Tesla’s latest over the air update 2022.20 includes a feature that allows vehicles with adaptive suspension (Model S and Model X) to raise the suspension if a pothole is imminent. The technology relies on a virtual road map of potholes created by Tesla using telemetry it receives from other Tesla vehicles.
This highlights the incredible opportunities that await Tesla in the future when seen as a software company rather than a vehicle producer. The terrible state of the road system in the United States, and the costs associated with long haul freight as a result, are an easily foreseeable bonus. The Tesla Semi will not only be able, eventually, to drive your containers around the country without a driver on board, they will also be able to choose the most cost effective route and time to take. Just as Tesla Virtual Power Plant and Autobidder software will enable a revolution in utility power, so too will FSD for Tesla Semi allow a revolution for freight companies.
Just as Uber gives its users choices in costs and time, so too will FSD give freight companies choices based on cost (electricity and estimated maintenance costs) and time.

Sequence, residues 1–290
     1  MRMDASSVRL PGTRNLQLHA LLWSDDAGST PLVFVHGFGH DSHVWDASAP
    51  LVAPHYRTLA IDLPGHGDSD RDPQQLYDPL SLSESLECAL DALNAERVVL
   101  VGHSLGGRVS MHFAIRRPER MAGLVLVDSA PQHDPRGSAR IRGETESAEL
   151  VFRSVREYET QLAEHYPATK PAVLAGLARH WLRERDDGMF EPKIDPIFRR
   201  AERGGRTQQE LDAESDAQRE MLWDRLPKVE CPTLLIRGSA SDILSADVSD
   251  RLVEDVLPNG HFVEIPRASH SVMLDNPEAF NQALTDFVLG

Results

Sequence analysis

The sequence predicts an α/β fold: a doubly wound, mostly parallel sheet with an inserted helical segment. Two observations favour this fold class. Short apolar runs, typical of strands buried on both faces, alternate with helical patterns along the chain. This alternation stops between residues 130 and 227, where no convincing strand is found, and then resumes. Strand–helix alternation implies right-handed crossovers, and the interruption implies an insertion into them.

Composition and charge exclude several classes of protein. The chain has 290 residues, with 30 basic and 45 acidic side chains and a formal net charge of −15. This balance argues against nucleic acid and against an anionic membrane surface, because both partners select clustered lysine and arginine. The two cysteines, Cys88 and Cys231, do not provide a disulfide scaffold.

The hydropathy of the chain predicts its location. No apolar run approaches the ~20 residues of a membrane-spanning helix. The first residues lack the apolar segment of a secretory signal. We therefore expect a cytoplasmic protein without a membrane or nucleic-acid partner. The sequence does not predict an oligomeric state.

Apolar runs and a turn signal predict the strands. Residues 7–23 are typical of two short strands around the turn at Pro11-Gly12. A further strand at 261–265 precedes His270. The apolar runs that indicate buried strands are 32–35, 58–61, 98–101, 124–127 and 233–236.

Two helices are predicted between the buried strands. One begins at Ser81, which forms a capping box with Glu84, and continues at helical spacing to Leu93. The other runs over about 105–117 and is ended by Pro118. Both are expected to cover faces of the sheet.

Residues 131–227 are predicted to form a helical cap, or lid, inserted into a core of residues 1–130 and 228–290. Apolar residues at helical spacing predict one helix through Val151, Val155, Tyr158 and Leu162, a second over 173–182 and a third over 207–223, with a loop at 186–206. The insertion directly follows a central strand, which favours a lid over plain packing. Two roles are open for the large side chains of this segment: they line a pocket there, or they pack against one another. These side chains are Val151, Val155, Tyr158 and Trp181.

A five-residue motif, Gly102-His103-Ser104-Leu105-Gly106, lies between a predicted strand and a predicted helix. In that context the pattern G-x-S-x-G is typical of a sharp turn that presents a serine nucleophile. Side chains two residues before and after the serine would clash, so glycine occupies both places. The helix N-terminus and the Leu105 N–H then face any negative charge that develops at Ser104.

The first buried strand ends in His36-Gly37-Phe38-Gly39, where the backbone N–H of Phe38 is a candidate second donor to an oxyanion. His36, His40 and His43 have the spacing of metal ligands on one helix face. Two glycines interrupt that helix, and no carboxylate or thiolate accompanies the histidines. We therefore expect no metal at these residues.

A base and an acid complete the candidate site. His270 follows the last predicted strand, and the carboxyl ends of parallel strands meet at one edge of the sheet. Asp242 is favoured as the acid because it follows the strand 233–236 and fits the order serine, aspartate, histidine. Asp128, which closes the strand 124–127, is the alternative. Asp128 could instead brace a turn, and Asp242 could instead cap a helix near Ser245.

The route chosen may include:
- avoiding potholes on the Tesla pothole map (which, as the Tesla fleet increases, will become more accurate). The accuracy of the map will be contributed to by all Tesla models, not just other Tesla Semi’s. This will massively reduce maintenance costs for freight companies.
- a delayed departure time or laying the vehicle in a siding mid journey to avoid peak hour traffic and the consequent power and maintenance costs associated with stopping and starting.
- a circuitous route to avoid tolls, hills, bad roads or traffic congestion to reduce power and maintenance costs or speed up arrival.
- coordinating with other Tesla Semi’s to form slipstream convoys to reduce power useage.
Tesla has wrapped up the quarter with bad news – the first time in * quarters where it went backwards in production figures, while announcing an all time record production for the month of June.
Tesla delivered 254,695 cars worldwide for the quarter. This was down from 310,048 for Q1. This is the first quarterly drop in deliveries in more than two years. The Q2 result is still up 27% year on year. The slump was widely expected in the wake of the Shanghai lockdowns which saw the Chinese Tesla plant shut for several weeks. Tesla went to extraordinary lengths, and seemed to receive significant concessions from authorities, including workers being allowed to live in the factory, to dampen the impact.
Pundits are still anticipating Tesla to be able to finish the year with a record production of more that 1.5 million vehicles.
Tesla will report Q2 earnings on July 20. The annual shareholder meeting will be August 4.